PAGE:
I did not remember much more than that I grew up with them. I remembered the characters and some of the messages, but I was not aware of the depth of its content. I also never noticed that my love of difference during adolescence was probably linked to my exposure to them. This week, when I read in the news of the death of creator and director Lolo Rico and when videos of her show, La Bola de Cristal, were suddenly all over social media, I briefly thought about the fact that I never noticed the beautiful frankness with which they spoke to us, the girls of the 1980s. With a woman as its creator and director, with a hostess radically different from contemporary standards, with an invented language and an infinite curiosity to want to, to be able to, to learn to know. It was a true message of freedom, as she herself had confided, and that, in a way, made an impression in many of us.
Neither had I noticed the power of some of its messages: the love of literature represented by the phrase “if you don’t want to resemble them, read,” the critique of the system with its “Long live evil, long live the Capital!” its way of teaching us to think with its “unteach to unlearn,” and my favorite, “You have 15 seconds to imagine; if you have not thought of anything, perhaps you should watch less TV.”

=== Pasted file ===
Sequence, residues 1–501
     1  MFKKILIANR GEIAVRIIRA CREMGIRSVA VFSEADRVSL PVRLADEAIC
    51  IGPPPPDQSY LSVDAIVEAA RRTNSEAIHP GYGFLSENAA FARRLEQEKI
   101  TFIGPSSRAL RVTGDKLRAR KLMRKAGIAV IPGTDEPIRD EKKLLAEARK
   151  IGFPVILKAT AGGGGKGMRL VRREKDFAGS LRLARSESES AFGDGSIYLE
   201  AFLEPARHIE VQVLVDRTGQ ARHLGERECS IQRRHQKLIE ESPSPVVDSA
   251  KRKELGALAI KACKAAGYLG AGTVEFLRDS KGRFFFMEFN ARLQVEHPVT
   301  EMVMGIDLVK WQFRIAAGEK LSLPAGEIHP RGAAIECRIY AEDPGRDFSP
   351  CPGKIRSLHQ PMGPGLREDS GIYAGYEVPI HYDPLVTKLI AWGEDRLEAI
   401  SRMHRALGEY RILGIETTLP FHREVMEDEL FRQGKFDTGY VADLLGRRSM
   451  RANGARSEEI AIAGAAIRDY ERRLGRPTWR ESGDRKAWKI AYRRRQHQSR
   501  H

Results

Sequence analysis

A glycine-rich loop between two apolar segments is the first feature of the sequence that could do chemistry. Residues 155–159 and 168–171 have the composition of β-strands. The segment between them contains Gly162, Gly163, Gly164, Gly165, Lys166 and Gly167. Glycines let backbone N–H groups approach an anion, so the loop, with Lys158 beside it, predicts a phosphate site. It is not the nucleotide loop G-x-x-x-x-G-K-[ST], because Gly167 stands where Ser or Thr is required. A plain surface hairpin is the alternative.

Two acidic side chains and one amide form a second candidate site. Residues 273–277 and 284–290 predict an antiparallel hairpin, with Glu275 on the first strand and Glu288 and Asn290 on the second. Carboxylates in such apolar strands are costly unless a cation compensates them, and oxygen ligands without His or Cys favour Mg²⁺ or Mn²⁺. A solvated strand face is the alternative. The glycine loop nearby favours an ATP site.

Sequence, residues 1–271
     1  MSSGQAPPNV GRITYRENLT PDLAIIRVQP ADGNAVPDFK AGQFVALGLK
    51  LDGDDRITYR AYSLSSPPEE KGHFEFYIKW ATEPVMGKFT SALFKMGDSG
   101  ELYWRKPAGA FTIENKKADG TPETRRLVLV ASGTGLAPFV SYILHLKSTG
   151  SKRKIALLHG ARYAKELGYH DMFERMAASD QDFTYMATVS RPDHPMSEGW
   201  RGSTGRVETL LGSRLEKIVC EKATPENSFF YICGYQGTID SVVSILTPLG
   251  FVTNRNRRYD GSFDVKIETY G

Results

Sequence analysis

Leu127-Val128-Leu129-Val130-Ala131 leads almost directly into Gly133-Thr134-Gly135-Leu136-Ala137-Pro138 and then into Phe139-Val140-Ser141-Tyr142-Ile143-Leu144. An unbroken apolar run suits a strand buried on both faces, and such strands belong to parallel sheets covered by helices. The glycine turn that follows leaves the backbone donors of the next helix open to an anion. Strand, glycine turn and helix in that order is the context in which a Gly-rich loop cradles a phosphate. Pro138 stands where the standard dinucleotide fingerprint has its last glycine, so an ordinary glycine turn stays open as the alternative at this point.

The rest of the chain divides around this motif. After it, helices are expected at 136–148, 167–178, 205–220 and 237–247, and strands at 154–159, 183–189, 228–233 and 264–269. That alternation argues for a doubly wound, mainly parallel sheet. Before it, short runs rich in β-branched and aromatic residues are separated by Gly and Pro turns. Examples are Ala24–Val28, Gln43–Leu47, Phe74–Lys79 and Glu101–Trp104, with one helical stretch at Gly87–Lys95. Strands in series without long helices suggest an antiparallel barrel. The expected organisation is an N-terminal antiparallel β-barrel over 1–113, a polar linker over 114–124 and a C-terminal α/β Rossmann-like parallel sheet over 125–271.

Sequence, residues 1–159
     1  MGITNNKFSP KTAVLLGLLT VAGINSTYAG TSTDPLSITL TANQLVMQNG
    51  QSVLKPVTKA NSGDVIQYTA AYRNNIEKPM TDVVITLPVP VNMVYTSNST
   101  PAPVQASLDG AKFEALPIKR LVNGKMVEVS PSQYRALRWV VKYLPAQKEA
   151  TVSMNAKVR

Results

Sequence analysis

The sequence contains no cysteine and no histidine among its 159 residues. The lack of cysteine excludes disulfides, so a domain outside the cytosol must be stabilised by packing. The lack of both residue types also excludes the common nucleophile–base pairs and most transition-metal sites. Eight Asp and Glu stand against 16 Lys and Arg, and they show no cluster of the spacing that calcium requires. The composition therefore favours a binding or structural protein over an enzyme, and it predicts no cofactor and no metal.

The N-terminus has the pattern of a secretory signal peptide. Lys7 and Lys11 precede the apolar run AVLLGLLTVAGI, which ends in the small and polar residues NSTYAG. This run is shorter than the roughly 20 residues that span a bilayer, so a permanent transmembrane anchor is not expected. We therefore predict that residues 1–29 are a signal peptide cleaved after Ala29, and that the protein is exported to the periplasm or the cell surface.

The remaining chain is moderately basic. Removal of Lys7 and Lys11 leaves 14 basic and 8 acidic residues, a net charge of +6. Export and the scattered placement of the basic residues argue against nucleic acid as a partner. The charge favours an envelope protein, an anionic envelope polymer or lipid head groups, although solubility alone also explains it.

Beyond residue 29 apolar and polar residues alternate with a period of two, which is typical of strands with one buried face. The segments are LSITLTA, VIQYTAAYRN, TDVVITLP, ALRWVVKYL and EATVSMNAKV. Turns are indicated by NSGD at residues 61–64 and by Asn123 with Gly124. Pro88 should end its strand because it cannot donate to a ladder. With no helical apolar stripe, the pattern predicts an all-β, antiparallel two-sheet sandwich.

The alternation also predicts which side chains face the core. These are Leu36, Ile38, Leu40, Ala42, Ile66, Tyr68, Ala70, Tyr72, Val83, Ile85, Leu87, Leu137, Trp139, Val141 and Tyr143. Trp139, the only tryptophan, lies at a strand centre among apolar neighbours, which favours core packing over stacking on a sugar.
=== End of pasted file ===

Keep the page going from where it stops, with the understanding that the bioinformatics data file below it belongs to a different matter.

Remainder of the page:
So much may happen in fifteen seconds of imagination! In fifteen seconds one may think up so many things! Or one could simply disconnect and stop looking at disjointed images in one’s phone that, sometimes, are only good to waste time and to stop thinking. That phone that perhaps also turns us into one of those monsters about whom we are warned: “If you don’t want to be like them, read.”